A catch all phrase used to describe foods with purported health benefits in addition to the nutrition they provide. Often Nutraceuticals claim to be an alternative to pharmaceutical medicines. They include nutritional supplements, vitamins, minerals, herbs and herbal extracts, botanicals, enzymes, tissue and glandular extracts, amino acids and various organic and inorganic chemicals, probiotics, and prebiotics.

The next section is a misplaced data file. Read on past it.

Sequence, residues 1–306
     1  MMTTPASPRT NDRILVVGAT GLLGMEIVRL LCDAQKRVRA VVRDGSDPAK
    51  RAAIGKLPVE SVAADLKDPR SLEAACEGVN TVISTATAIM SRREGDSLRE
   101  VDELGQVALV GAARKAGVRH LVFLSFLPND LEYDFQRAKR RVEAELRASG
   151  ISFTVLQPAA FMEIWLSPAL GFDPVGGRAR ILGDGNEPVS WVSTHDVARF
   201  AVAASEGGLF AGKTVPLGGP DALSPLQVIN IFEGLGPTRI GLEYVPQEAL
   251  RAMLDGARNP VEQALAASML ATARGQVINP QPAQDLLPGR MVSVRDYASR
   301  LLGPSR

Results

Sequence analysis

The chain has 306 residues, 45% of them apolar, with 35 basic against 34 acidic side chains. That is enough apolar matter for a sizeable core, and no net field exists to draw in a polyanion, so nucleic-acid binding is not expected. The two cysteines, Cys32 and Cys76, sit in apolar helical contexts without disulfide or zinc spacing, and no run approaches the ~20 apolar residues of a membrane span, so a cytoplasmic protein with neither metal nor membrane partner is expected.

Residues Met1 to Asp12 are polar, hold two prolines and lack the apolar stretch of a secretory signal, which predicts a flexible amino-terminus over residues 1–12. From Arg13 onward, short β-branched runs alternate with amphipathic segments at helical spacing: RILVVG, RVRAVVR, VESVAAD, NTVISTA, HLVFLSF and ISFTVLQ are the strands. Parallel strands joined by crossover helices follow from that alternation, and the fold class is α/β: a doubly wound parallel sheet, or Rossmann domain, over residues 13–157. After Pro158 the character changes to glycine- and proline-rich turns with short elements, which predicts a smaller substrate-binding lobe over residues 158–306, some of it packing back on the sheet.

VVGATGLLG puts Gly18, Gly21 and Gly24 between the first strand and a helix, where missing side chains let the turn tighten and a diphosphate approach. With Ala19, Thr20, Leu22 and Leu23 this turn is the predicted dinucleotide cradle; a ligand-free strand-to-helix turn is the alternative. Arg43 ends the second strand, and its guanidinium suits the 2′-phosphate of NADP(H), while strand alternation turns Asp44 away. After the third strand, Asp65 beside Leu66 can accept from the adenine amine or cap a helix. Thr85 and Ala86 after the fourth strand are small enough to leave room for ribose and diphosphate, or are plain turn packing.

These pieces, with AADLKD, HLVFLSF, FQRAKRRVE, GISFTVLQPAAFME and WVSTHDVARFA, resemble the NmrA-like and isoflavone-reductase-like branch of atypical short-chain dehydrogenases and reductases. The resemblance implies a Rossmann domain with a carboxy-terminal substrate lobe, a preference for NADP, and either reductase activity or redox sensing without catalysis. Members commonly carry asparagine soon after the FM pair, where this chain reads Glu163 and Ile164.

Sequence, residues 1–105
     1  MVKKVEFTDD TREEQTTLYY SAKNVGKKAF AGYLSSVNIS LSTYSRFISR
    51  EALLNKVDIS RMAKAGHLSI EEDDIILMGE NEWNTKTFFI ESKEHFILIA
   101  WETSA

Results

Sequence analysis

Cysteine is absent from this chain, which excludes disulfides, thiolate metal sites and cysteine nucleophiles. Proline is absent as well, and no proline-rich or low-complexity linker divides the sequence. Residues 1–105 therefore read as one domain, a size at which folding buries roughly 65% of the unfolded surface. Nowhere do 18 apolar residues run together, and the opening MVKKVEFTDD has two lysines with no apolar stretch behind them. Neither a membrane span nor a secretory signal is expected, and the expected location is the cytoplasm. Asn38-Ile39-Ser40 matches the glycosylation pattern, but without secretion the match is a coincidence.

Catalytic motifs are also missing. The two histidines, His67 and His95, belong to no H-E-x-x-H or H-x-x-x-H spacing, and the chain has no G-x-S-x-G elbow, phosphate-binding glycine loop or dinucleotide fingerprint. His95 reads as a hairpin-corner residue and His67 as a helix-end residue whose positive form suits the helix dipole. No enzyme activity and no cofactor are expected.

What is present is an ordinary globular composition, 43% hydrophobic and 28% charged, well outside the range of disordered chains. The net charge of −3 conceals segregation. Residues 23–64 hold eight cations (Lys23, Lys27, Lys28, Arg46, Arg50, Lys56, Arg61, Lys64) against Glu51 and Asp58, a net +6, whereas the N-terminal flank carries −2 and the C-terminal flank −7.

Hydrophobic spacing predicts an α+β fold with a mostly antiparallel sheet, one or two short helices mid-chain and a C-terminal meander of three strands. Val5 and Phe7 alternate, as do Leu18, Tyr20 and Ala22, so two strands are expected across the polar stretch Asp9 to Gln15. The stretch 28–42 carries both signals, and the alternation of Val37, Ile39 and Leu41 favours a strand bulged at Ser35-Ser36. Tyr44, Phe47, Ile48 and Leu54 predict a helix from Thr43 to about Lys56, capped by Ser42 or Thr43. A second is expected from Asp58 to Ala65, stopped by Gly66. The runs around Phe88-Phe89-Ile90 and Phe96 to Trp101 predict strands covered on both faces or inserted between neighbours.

In Australia any product for animal use and making a therapeutic claim requires registration by the Australian Pesticides and Veterinary Medicines Authority APVMA which demands scientifically valid evidence in support of the claims. Nutraceutical products often skirt the legislative requirement by avoiding direct claims of therapeutic effect and use phrases such as ‘’may assist with’’ or refer to historical use and anecdotal evidence or small poorly constituted trials and endorsements from well known horsemen etc. In horses as in humans the industry is large, profitable, and confusing containing a myriad products which need cautious evaluation by the consumer to assess the validity of their claims.